Communicative Civic-ness: Social Media and Political Culture

Bridgette Wessels

March 12, 2018 by Routledge
Textbook - 202 Pages - 6 B/W Illustrations
ISBN 9781138959408 - CAT# Y207076

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Features

  • The book fills a significant gap in the market – the need to directly address the civic aspects of social media and assess diverse contemporary forms of civic participation. In so doing, it advances current academic discourse by viewing both from the perspective of context-specific political culture.
  • The robust theoretical and conceptual framework will ensure that the book remains relevant in the long term. The substantive theoretical areas draw on cutting-edge research and should have at least a 10-year lifespan.
  • The market for this book is global – universities across the world teach sociology, political science and media studies which include aspects of civic participation, social media and political sociology. Opening markets include universities in China and India where interest in social science is increasing as these countries undergo rapid social and political change.
  • This book is relevant to readers including undergraduate and postgraduate students. It is valuable for academics teaching and researching relevant fields in areas including (but not limited to) sociology, political science and media studies. It will also provide useful information and understanding for third sector organisations, policy-makers and governments regarding their citizens’ forms of civic participation.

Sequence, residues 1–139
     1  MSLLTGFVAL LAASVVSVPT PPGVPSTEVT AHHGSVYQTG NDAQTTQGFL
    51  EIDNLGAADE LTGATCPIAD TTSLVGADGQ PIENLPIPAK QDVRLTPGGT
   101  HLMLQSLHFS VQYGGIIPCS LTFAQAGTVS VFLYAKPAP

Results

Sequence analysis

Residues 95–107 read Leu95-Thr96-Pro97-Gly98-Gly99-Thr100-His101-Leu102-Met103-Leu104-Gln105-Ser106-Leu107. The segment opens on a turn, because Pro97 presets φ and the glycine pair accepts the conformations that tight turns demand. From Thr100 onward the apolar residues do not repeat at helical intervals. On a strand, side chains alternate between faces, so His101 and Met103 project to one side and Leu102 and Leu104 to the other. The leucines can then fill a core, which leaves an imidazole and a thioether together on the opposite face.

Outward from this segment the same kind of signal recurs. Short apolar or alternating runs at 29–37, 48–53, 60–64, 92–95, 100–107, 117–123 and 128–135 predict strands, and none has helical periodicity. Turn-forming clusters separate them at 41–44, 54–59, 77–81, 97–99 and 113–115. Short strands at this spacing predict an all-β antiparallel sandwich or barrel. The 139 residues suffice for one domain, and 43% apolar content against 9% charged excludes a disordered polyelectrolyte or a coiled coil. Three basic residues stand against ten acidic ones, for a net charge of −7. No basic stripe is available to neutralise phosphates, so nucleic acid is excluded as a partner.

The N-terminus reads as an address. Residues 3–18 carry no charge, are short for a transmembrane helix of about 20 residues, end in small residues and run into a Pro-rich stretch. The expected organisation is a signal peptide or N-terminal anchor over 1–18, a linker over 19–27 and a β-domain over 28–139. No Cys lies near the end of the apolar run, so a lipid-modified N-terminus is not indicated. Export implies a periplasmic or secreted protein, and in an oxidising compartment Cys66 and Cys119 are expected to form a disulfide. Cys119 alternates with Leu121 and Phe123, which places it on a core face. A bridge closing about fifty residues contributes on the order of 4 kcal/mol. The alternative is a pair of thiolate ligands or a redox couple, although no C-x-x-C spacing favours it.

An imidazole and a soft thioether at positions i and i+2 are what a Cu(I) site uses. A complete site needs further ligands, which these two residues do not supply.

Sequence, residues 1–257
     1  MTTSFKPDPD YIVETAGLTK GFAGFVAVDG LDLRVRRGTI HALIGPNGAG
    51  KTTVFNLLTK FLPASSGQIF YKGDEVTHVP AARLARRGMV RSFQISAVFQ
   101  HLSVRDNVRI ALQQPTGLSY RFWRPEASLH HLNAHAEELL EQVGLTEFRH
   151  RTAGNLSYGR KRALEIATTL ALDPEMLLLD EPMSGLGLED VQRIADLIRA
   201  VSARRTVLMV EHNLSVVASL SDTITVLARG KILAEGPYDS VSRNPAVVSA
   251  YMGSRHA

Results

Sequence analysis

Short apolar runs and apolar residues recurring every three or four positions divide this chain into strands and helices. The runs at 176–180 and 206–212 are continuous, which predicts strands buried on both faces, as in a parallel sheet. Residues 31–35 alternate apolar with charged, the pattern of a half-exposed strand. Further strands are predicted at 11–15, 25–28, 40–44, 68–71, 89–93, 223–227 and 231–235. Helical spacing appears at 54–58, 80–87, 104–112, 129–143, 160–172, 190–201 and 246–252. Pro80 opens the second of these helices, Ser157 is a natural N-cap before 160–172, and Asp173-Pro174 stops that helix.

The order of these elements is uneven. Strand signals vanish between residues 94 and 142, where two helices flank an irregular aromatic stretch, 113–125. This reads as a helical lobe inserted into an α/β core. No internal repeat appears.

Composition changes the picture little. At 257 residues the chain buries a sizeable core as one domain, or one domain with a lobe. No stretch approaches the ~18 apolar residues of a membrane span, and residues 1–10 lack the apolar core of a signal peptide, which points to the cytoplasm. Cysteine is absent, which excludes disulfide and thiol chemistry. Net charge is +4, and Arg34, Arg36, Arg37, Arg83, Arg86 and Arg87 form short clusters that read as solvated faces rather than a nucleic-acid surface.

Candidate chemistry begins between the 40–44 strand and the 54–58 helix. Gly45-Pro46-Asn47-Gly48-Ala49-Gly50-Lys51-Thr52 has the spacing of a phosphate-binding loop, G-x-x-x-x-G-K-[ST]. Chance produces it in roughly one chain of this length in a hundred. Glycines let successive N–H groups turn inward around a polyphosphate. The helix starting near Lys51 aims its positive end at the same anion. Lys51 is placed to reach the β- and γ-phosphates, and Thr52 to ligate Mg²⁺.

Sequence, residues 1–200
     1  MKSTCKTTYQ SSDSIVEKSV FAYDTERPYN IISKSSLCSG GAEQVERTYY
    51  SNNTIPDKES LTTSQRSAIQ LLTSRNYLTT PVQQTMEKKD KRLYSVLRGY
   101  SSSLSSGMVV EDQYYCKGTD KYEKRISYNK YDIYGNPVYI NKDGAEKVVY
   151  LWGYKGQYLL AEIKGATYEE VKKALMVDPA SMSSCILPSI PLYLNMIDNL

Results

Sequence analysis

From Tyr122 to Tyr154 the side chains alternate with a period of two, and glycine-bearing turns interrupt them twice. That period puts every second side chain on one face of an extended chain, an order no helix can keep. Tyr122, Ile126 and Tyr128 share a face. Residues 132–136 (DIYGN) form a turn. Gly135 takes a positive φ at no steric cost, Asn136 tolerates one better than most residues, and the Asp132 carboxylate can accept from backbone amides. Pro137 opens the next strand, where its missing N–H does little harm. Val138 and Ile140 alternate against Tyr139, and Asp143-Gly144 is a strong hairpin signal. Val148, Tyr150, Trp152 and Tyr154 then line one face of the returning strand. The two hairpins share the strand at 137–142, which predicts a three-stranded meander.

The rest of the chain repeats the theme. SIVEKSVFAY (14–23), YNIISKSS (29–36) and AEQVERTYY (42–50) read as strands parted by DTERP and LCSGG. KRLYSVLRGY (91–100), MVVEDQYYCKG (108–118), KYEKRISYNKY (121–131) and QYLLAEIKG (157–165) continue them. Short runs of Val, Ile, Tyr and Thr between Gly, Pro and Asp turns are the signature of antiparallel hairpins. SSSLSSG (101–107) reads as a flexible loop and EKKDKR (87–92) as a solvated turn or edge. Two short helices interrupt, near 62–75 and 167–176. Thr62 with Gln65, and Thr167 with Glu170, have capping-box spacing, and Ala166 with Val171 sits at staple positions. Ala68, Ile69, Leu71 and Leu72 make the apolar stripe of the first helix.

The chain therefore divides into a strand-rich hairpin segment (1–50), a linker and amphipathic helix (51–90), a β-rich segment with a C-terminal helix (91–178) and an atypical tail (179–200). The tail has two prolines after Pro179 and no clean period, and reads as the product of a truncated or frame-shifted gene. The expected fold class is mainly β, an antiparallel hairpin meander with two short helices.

Summary

Communicative Civic-ness explores how political culture shapes social media interactions in civic participation, arguing that social media usage is informed by context-specific civil and political culture.

Drawing on cutting-edge research, the book develops a new robust theoretical and conceptual framework on civic engagement and participation, comprising:

  • contextual ethos of civic communication;
  • political culture and civic communication;
  • use of social media in private and public spheres;
  • design of social media.

It critically addresses issues within the concept of political culture and develops the concept of ‘communicative civic-ness’. This concept seeks to aid a better-informed debate about the capacity of social media to support the pluralistic discussions that underpin deliberative democratic processes.

This book appeals to both undergraduate and postgraduate students, as well as academics with an interest in areas including (but not limited to) sociology, political science and media studies. It will also provide useful information and understanding to third sector organisations and policy-makers regarding forms of civic participation.

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